The AGC responds to a July 20 letter crammed with animal rights misinformation. The letter appeared in the Panama City (FL) News Herald.


Dennis Dyke’s letter of July 20 presented animal rights misinformation as fact. Your readers deserve to know the truth about greyhound racing.

More than 90 percent of all registered greyhounds are adopted or returned to the farm as pets or breeders when they retire.  Due to a reduction in the number of greyhounds bred in recent years, we expect to achieve 100 percent placement of all adoptable greyhounds in the near future.  This is possible because of close cooperation between greyhound racing and hundreds of non-profit, volunteer adoption groups across the U.S.

Racing greyhounds must eat well in order to perform at their peak. They are fed meat classified by the USDA as unsuitable for human consumption but perfectly healthy for animals.  If this diet produced ill effects, no trainer would feed it to greyhounds.

Mr. Dyke is also wrong in his comments about greyhound injuries.  The fact is that the vast majority of injuries to greyhounds are minor, permitting the dogs to return to racing within a week or two.  On the rare occasions when more serious injuries occur, they still don’t prevent most greyhounds from transitioning successfully to retirement in an adoptive home.

The most absurd argument of all is that people should end greyhound racing simply because the industry is already under economic stress.  If that’s the case, then we should put an end to restaurants, banks, clothing stores and newspapers, too. Don’t worry about the people working in those businesses.  They’ll find other jobs—if there are any employers left to hire them.


Gary Guccione, American Greyhound Council



Pro-racing forces have filed an election fraud complaint against the Committee to Protect the Dogs, the Massachusetts front group for Grey2K that led the campaign to ban greyhound racing in Massachusetts, according to July 2 online editions of the Raynham Call and Metrowest Daily News.

The group POWAAH, Protection of Working Animals And Handlers, alleges that Question 3 supporters traded gifts for votes and misled voters regarding track conditions.

POWAAH was formed in January 2009 to educate voters on the impact of the ban, and delay its enforcement.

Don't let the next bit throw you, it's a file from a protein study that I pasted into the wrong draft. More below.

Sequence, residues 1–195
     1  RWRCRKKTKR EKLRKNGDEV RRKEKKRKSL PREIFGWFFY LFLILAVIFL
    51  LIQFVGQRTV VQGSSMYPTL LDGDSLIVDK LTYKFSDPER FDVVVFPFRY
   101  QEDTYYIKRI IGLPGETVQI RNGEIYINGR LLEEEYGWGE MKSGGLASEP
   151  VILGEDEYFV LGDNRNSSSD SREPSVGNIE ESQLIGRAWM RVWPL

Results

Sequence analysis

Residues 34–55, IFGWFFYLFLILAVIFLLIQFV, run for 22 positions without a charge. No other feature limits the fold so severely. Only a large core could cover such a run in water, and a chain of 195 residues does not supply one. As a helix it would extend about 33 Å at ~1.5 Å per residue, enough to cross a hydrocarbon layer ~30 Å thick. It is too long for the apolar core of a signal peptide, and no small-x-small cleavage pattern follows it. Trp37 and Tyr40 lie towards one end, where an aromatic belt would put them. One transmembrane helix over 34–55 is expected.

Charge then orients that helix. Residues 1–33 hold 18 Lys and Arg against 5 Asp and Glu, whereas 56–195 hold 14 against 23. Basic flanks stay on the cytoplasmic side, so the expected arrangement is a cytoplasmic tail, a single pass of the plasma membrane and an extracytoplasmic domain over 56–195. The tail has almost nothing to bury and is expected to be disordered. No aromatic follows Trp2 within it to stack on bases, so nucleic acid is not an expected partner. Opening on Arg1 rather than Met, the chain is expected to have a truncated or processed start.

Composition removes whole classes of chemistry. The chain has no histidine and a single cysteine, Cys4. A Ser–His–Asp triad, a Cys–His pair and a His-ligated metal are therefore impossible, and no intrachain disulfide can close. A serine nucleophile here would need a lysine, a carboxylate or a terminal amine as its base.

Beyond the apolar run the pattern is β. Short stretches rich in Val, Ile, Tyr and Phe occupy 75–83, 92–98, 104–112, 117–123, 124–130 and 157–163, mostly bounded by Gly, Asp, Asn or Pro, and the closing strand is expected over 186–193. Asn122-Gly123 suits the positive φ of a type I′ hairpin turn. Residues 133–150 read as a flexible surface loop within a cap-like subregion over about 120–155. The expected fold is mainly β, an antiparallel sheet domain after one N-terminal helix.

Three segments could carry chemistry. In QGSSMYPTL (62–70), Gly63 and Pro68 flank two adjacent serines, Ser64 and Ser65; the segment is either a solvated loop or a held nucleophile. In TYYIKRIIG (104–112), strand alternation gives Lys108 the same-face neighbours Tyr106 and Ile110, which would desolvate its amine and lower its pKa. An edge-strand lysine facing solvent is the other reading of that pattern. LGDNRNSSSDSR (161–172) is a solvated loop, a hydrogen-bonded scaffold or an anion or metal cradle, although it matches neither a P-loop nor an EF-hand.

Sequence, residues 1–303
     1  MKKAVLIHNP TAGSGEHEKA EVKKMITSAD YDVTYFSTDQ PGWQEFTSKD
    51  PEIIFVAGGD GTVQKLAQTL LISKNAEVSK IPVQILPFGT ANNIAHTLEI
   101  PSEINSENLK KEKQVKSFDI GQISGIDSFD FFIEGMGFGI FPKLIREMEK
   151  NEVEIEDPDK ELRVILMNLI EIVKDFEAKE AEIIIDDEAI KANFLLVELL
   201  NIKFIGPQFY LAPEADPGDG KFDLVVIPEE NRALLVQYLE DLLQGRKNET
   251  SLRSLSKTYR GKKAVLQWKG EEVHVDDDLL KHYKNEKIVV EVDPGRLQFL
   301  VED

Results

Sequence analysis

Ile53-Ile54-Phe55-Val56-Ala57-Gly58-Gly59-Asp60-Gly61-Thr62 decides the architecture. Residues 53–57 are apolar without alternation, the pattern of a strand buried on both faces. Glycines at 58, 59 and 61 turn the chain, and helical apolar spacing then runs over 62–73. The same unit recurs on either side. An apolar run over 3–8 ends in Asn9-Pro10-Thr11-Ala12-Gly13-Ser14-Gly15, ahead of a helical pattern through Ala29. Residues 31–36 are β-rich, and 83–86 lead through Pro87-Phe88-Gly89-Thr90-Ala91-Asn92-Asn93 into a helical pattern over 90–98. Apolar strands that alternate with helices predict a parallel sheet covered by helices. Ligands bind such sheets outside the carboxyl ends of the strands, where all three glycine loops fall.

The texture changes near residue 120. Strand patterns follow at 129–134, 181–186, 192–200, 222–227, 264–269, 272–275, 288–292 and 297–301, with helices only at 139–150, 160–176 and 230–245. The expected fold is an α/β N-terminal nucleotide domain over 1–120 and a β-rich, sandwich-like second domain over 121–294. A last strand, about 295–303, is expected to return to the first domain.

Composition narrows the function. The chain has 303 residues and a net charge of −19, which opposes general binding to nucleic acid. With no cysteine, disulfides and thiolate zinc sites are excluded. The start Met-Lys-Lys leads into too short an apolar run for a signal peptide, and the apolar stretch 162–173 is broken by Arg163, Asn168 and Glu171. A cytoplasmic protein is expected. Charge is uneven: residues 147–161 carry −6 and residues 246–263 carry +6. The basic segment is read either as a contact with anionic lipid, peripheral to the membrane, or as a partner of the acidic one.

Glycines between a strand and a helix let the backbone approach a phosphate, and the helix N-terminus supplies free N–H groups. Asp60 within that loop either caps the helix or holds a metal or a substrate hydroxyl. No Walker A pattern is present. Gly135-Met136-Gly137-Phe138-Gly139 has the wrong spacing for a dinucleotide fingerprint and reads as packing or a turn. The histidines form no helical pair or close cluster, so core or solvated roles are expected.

Some of the misrepresentations cited by POWAAH:

  • Claiming that only 31 percent of greyhounds are adopted, when in fact 100 percent of Massachusetts greyhounds are adopted;
  • Claiming greyhound crates are too small, when crate size has been approved by the state racing commission with input from humane groups;
  • Claiming examples of abuse were local, when the videos used to promote the ban showed out-of-state racing venues.

In the Metrowest Daily article, POWAAH spokesperson Doug Pizzi said an April poll showed that 61 percent of Massachusetts voters favored delaying the implementation of the ban for as long as three years to save jobs.

AGC Communications Coordinator Gary Guccione said tracks and breeder organizations in other states have learned from the Massachusetts experience.

"We understand now that Grey2K will say anything to win," he noted.  "Our folks are preparing for floods of misinformation in every state where Grey2K pokes its head up. We see our job as helping the public separate fact from fiction."









Even though all three New Hampshire greyhound tracks have now discontinued live racing, track and adoption officials expect to place all the affected greyhounds in good adoptive homes, thanks to close cooperation between the tracks and local adoption groups.

On June 28, the New Hampshire legislature passed a bill permitting simulcasting without live racing, and requiring tracks to pay all costs incurred by the state for racing regulation. The bill effectively shut down live racing in the state.

Belmont and Hinsdale tracks had not run live racing since last year, and Seabrook Greyhound Park had planned to start its live racing season on October 2.